bool is_name(xml_parse_attribute_t& a)
    code_point_t c;

    if (is_match(':', c)) { a |= xml_qualified; }
    else if (is_letter(c) || is_match('_', c)) ; else return false;
    bool reserved = c == code_point_t('X') || c == code_point_t('x');

    if (is_name_char(c, a)) ; else return true;
    reserved &= (c == code_point_t('M') || c == code_point_t('m'));

    if (is_name_char(c, a)) ; else return true;
    reserved &= (c == code_point_t('L') || c == code_point_t('l'));

    while (is_name_char(c, a)) ;

    if (reserved) a |= xml_reserved;

    return true;

Now we can write our remaining production rules. We’ll tackle NameChar next. This is the only other production rule which needs to deal with attributes because it may contain a ’:’.

NameChar ::= Letter | Digit | '.' | '-' | '_' | ':' | CombiningChar | Extender

The specification of the XML parser is in terms of UCS2 code points (as opposed to characters) and this production is only going to recognize a single code point. Except for the minor complexity introduced to handle the attribute, the code is nearly identical to the production rule.

bool is_name_char(code_point_t& c, xml_parse_attribute_t& a)
    if (is_match(':', c)) { a |= xml_qualified; return true; }

    return is_letter(c) || is_digit(c) || is_match('.', c)
        || is_match('-', c) || is_match('_', c) || is_combining_char(c) || is_extender(c);

The is_letter() function is even simpler:

Letter ::= BaseChar | Ideographic
bool is_letter(code_point_t& c) { return is_base_char(c) || is_ideographic(c); }

The is_match() is a helper function for terminal productions. A terminal production is a production which is not defined in terms of another production. It is in the terminal productions where the interesting work is done. Here is the body.

bool is_match(code_point_t x, code_point_t& c)
    if (f_m == l_m || *f_m != x) return false;
    c = x; ++f_m; return true;

If we are at the end of our steam or the current character is not a match then return false. Otherwise we set our value to the matched character, increment the stream, and return true.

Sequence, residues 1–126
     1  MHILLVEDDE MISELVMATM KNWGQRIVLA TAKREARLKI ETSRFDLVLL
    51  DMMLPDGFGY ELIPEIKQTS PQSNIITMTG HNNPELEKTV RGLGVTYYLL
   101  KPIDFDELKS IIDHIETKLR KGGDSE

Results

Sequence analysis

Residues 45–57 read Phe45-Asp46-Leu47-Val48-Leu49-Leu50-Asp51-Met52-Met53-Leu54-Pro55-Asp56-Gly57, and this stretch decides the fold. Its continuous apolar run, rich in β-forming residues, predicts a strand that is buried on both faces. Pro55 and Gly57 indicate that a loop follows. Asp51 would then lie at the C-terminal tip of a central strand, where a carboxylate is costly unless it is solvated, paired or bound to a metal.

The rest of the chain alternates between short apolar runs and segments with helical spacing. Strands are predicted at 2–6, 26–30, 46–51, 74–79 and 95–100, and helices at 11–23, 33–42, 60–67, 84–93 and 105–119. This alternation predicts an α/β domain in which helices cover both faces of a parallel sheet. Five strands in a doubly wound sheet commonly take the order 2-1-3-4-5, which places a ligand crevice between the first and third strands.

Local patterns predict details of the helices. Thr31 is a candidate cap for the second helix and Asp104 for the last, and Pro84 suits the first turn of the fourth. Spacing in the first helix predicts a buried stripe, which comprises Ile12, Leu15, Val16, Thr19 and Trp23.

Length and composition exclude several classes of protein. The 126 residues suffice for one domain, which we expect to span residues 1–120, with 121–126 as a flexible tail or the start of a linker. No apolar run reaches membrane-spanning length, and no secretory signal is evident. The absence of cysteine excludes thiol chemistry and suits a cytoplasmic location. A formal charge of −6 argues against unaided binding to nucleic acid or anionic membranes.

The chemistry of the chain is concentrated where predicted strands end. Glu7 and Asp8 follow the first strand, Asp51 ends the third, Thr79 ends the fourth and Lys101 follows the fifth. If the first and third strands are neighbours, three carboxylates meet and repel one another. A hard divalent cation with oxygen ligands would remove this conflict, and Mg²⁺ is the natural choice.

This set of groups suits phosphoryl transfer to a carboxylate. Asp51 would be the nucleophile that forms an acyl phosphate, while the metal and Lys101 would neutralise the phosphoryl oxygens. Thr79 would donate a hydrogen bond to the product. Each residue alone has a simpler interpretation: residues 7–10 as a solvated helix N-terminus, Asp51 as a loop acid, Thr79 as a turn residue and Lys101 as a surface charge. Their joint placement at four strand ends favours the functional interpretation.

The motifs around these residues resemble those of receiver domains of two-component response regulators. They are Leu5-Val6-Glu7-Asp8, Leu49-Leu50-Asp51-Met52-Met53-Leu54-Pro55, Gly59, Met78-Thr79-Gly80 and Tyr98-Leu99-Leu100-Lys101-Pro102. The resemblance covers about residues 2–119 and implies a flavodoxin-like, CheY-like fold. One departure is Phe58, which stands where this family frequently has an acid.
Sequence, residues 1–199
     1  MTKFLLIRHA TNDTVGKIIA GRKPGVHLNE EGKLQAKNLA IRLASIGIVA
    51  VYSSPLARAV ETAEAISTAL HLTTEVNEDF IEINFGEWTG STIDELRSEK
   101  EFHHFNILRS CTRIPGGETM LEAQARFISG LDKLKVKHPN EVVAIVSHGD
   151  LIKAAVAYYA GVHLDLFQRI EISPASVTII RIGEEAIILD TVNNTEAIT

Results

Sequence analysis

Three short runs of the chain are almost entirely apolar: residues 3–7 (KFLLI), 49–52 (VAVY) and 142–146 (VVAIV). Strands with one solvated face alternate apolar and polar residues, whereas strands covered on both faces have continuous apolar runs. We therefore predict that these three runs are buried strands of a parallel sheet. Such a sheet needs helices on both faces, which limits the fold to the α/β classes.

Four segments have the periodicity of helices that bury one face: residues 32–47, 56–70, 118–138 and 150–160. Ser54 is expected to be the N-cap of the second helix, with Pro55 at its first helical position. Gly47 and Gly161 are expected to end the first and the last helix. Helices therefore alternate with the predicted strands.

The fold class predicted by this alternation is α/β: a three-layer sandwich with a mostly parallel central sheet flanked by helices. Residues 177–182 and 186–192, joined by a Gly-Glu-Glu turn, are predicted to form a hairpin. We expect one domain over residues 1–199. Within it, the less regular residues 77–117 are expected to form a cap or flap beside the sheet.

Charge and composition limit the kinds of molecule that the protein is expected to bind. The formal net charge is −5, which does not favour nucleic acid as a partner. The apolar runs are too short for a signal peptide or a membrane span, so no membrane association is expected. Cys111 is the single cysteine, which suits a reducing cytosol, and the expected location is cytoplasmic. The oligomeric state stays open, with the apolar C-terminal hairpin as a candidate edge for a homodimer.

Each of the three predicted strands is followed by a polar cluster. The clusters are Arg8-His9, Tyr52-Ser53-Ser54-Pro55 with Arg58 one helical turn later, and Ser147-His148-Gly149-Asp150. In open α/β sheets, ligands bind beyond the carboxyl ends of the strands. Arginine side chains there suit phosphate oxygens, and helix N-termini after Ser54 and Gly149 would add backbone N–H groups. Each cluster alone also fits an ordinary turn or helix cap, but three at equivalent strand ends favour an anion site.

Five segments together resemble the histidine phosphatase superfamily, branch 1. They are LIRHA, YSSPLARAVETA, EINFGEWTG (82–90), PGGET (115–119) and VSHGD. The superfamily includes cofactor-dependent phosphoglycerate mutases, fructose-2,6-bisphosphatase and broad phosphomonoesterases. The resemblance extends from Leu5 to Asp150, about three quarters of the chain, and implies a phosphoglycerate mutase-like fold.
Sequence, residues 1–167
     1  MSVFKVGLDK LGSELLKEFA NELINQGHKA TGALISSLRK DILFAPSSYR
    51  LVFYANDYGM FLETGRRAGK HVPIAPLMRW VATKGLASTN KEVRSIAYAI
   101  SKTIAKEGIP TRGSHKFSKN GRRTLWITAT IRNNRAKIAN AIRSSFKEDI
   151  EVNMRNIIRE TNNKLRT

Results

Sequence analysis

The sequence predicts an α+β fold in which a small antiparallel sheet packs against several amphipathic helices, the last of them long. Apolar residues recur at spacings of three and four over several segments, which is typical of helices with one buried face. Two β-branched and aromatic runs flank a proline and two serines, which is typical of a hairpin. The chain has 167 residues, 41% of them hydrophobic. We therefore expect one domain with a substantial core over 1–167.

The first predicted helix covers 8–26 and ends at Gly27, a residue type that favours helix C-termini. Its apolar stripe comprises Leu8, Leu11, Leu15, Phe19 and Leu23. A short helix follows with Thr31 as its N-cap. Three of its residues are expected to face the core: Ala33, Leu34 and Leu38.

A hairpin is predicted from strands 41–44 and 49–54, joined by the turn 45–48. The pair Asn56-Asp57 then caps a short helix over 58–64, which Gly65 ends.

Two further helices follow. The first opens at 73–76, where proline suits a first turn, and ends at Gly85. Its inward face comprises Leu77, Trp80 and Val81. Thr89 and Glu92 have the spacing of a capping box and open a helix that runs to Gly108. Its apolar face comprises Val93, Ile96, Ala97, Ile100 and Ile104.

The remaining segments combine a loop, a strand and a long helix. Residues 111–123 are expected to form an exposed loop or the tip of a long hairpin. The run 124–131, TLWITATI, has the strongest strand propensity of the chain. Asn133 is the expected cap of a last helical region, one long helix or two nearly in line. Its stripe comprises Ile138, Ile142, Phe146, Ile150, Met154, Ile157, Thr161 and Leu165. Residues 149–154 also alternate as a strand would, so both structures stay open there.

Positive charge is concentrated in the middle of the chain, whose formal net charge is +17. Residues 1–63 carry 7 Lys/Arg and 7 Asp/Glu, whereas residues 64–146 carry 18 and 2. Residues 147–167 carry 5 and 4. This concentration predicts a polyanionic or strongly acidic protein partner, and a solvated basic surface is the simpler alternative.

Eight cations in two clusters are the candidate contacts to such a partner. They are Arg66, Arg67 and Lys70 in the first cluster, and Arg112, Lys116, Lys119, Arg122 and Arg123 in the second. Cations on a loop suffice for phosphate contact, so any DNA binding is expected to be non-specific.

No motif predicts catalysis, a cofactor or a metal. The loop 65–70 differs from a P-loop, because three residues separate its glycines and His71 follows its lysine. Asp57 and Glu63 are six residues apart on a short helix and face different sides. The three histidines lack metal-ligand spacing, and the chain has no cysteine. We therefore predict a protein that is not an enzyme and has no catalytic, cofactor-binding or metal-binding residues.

The remaining productions are all of a form which match one of a set of code points:

Ideographic ::= [#x4E00-#x9FA5] | #x3007 | [#x3021-#x3029]

Some of the tables, such as the one for BaseChar are quite large making it prohibitively expensive to write an expression like (0x4E00U <= x && x <= 0x9FA5U) || (x == 0x3007U) || …. Instead we will create a simple lookup table. When dealing with a parser that works with a simple char type we could just build a table with 256 elements that contained an enumeration indicating what production rule the character matched. A table of 16 bit values would be a bit large (but we could do it - 64K elements) - but instead we’ll create an array of values denoting ranges which contain the code points we want to match and search to find if our character is in one of the ranges. To do that we’ll create a semi-open ranges for each character range of the form (f0, l0], (f1, l1], … and then use lower_bound() to search the table, if we end up on an odd index (starting at 0) then the item is in the range, an even index it is not. This strategy means we can’t represent a range which includes 0 but 0 is not a valid character in an XML production. The code for the table lookup for Ideographic is this:

bool in_ideographic(code_point_t c)
    static const code_point_t table[] =
        0x4DFFU, 0x9FA5U, // [#x4E00-#x9FA5]
        0x3006U, 0x3007U, // #x3007
        0x3020U, 0x3029U  // [#x3021-#x3029]

    return (adobe::lower_bound(table, c) - boost::begin(table)) & 0x01;

To transform from the closed ranges to the semi-open ranges we subtract one from the first item in the range. This code doesn’t have to be a member function and is not a template - we can put these lookup tables in a .cpp file. We’ll use this function in our is_ideographic() member function:

bool is_ideographic(code_point_t& c) { return is_match(in_ideographic, c); }

is_match() is another variant of our previous is_match which takes a predicate function instead of a value:

bool is_match(bool (*p)(code_point_t), code_point_t& c)
    if (f_m == l_m || !p(*f_m)) return false;
    c = *f_m; ++f_m; return true;

The remaining productions are written the same way - just with larger tables. Our parser is complete!

Finally - to make this a little simpler to invoke we write a wrapper function which just creates a temporary instance of the class and we add one last check to make sure that the valid name made up the entire range provided:

template <typename I> // I models InputIterator
// require value_type(I) == code_point_t
bool valid_name_unqualified_unreserved(I f, I l)
    xml_parser<I> parser = { f, l };
    xml_parse_attribute_t a = xml_none;
    return parser.is_name(a) && parser.f_m == l && a == xml_none;

That’s the complete code. Besides having a solution to our problem we have a general framework for building other solutions to parsing problems and a pretty descent start that can be reused for other XML related issues. Parsers written in this style are simple to extend even if they are packaged as a library, you can simply inherit from the struct and add additional productions. The code described here took very little time to write (the biggest hassle was building the larger lookup tables from the productions in the XML specification.

The complete example file can be found here.